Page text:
How the Brain Categorizes, Memorizes, and Recognizes Own-Race and Other-Race Faces

 

Dr. Herzmann will present her and her students’ research on face processing focusing especially on the so-called “other-race effect,” the phenomenon that people process faces from their own race differently than from another race. The effect is very robust but can be diminished by extensive, personal experience with people from other races. Understanding the neural basis of the other-race effect can help find way to reduce the other-race effect and its influence on social interaction.

 

 

 

Professor Herzmann is Associate Professor of Psychology and Chair of Neuroscience, and advised on the development of this exhibition.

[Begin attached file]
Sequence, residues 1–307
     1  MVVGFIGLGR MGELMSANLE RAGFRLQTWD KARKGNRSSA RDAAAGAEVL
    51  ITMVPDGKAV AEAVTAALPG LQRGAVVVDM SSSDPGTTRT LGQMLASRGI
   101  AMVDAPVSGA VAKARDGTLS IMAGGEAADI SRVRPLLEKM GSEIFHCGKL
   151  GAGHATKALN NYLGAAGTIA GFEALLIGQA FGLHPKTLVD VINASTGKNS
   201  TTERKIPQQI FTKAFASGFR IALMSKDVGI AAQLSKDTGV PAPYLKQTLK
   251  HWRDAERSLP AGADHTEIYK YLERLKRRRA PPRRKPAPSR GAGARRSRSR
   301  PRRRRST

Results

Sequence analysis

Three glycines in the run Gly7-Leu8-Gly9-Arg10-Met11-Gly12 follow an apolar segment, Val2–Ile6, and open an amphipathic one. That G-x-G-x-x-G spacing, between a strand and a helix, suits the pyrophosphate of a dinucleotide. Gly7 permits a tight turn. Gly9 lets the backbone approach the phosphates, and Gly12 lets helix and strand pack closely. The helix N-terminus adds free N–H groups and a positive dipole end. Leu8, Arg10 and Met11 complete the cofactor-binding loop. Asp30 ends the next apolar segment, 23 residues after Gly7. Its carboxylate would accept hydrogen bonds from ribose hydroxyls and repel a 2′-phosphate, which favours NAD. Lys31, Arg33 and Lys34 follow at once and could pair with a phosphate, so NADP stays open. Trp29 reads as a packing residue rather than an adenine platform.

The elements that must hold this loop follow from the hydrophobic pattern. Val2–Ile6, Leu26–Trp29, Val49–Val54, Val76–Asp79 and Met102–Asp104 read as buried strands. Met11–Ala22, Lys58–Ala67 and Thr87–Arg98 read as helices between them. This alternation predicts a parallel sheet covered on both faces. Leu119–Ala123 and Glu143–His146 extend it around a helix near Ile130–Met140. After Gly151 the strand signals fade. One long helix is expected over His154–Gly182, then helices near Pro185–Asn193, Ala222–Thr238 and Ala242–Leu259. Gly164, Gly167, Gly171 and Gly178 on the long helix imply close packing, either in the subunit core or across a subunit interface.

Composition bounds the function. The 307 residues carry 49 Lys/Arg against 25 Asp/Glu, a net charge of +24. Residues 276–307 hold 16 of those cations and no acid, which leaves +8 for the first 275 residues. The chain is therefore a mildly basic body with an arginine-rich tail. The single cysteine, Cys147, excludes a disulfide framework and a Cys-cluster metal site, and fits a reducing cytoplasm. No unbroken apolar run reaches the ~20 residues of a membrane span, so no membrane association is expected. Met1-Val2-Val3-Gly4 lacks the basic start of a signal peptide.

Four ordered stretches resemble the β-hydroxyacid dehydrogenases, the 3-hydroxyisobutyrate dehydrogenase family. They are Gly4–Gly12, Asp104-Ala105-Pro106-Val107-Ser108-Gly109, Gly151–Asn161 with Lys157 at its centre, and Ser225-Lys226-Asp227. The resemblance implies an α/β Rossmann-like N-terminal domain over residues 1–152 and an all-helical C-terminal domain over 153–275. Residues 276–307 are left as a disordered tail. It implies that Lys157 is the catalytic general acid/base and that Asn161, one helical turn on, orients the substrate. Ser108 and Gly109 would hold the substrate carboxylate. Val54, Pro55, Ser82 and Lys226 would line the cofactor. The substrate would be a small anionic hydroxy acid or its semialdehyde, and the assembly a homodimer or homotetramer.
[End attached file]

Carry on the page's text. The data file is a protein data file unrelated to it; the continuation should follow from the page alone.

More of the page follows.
October 28th

6:30 pm - 8:00 pm

Duration: 1 hour, 30 minutes

Location:
Ebert Art Center 223


2021-10-28 6:30:00 2021-10-28 8:00:00 America/New_York How the Brain Categorizes, Memorizes, and Recognizes Own-Race and Other-Race Faces

 

Dr. Herzmann will present her and her students’ research on face processing focusing especially on the so-called “other-race effect,” the phenomenon that people process faces from their own race differently than from another race. The effect is very robust but can be diminished by extensive, personal experience with people from other races. Understanding the neural basis of the other-race effect can help find way to reduce the other-race effect and its influence on social interaction.

 

 

 

Professor Herzmann is Associate Professor of Psychology and Chair of Neuroscience, and advised on the development of this exhibition.

 

Ebert Art Center 223